Count on One Hoof
We have a guest post by Jordan Thibodeau, founder of Silicon Valley Investors Club, a global community for STEM (science, technology, engineering, and mathematics) professionals to learn about investing. He shows us why we should…
- Be cautious with advice and recommendations provided by others
- Focus on the things we can control in investing
Hans, the magical horse
In the 19th century, there was a special horse called Hans, who seemed to have the ability to do math. When asked a simple math question, Hans would answer correctly by clopping his hoof against the ground. 2+2? He’ll clop 4 times. Hans instantly became the talk of the town.
Over time, it became evident that Hans was only reading and imitating the body language of his trainer. His real superpower was the ability to recognize subtle changes in body language. Hans successfully fooled hundreds of people into thinking he was a mathematically gifted horse.
The modern-day Hans
While we laugh at folks who thought a horse could do math, we’ve instead blindly placed our trust in economists, financial analysts and professional fund managers. They provide advice and recommendations with little consequences. If they’re right, they’ll be propelled into the spotlight. If they’re wrong, their prediction will be buried beneath other failed predictions. In short, they have nothing to lose.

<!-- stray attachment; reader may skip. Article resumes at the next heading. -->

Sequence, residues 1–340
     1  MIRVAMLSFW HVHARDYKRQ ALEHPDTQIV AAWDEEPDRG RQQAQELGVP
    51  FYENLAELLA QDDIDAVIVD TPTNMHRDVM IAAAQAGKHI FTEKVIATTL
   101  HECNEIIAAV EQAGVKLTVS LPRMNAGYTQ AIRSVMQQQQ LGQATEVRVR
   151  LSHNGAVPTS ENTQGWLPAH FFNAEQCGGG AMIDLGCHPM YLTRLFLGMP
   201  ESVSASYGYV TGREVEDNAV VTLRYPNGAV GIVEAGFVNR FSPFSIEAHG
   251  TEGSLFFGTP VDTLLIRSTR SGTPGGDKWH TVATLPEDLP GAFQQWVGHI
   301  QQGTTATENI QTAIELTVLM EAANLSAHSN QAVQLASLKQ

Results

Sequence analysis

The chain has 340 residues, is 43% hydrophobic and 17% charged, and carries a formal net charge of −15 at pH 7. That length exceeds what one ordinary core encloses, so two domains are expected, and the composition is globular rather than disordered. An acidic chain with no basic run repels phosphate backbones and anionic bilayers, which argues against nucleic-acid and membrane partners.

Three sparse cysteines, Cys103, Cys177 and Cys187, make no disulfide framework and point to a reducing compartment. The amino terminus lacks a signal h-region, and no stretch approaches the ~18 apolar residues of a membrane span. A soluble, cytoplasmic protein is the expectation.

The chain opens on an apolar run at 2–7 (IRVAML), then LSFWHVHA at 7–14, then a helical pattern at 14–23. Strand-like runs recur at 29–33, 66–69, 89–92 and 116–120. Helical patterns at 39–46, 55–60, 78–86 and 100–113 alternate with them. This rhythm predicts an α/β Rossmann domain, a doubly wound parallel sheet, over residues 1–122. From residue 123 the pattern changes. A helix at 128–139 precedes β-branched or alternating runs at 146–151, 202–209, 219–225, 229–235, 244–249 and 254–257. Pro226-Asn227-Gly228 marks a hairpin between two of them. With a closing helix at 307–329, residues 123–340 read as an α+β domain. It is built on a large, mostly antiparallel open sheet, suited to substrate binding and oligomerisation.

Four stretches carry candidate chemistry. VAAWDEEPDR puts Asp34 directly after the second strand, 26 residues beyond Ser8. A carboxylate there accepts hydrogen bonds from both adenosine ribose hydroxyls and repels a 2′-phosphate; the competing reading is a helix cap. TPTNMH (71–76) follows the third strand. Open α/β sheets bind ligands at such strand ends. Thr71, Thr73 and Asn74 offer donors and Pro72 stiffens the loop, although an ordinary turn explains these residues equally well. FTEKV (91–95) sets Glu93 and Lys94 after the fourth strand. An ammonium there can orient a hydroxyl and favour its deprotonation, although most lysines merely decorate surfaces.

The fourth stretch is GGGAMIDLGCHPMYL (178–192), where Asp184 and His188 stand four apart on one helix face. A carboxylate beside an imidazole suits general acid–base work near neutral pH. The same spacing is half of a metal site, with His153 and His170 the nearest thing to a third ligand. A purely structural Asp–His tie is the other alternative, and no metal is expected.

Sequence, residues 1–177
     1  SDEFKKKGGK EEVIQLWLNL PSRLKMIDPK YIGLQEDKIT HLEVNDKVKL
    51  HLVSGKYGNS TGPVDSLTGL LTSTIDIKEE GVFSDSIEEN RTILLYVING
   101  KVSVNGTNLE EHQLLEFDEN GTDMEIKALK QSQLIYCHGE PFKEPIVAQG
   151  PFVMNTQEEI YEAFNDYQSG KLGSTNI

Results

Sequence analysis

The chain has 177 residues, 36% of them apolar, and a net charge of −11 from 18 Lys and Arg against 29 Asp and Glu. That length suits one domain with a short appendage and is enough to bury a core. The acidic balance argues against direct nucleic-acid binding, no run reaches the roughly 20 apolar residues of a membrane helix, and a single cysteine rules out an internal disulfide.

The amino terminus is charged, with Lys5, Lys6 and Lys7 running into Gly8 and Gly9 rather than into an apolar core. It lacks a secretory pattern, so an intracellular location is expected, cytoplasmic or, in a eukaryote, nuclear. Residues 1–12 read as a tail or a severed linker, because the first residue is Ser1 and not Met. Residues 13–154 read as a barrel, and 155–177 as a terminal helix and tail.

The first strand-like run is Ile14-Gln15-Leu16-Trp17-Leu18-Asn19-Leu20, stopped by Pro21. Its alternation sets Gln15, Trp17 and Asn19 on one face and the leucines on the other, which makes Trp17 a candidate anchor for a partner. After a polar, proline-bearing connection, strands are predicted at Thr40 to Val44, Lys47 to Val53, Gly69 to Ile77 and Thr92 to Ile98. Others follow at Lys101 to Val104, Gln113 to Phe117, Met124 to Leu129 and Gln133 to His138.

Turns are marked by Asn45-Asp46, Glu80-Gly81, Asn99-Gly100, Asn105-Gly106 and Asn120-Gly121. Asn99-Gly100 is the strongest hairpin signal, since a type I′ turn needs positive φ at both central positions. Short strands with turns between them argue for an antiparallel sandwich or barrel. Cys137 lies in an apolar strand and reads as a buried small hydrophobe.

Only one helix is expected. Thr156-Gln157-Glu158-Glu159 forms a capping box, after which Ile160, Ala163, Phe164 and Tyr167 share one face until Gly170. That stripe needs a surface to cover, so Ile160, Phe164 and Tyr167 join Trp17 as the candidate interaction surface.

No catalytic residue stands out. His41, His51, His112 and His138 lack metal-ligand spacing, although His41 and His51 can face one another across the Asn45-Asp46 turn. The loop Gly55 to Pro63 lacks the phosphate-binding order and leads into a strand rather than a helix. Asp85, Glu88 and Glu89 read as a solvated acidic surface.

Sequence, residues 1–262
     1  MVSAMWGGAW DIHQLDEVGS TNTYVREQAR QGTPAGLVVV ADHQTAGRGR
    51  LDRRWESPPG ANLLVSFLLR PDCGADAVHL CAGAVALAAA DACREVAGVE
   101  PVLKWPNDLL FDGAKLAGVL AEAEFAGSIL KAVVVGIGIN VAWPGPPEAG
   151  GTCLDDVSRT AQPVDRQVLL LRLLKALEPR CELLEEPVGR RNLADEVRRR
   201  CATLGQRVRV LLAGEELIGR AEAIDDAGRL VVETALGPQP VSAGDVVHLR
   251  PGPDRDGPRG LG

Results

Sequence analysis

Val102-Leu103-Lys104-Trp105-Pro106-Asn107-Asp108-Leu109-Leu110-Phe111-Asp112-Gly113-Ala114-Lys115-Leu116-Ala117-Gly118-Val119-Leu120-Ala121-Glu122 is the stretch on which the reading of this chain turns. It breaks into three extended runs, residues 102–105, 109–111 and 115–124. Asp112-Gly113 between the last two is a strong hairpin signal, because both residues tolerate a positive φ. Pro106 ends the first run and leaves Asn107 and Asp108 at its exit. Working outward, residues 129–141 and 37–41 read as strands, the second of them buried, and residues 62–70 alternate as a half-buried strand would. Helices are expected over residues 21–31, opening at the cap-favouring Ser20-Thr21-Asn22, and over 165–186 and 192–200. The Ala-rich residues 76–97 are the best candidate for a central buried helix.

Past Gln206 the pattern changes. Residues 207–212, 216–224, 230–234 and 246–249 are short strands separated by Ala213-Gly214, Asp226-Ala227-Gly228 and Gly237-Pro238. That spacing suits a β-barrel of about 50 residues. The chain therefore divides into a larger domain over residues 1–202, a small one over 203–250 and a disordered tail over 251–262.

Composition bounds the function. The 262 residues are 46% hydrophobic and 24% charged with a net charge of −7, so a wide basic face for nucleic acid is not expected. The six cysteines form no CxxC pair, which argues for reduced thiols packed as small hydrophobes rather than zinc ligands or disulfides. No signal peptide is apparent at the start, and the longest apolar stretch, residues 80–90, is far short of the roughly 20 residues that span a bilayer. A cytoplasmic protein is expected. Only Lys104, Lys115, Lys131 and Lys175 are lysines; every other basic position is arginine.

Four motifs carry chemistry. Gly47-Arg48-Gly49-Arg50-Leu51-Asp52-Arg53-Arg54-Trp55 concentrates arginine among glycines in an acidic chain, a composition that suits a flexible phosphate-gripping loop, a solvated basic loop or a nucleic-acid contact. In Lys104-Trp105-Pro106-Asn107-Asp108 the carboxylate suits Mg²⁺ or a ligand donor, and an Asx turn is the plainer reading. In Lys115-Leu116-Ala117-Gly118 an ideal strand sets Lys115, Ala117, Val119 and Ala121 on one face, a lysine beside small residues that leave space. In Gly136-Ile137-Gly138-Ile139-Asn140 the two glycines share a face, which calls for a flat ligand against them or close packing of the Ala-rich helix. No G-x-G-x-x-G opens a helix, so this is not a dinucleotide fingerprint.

Yes, it’s normal to seek advice from others. It gives us a sense of comfort but don’t let that ruin your own superpower of thinking independently.
The only thing we can control
No economist can predict the future or control a world that is constantly changing. However, here is what you can control:
- Don’t take more risk than you can afford… If an investment goes to zero, it should not financially ruin you.
- Don’t blindly follow advice…Educate yourself on what could go wrong and how much risk you’re taking. You owe it to yourself to understand your investment.
Read the full article on Investors Therapy, a newsletter written by Jordan, that helps individuals understand the psychology to make smarter investment decisions.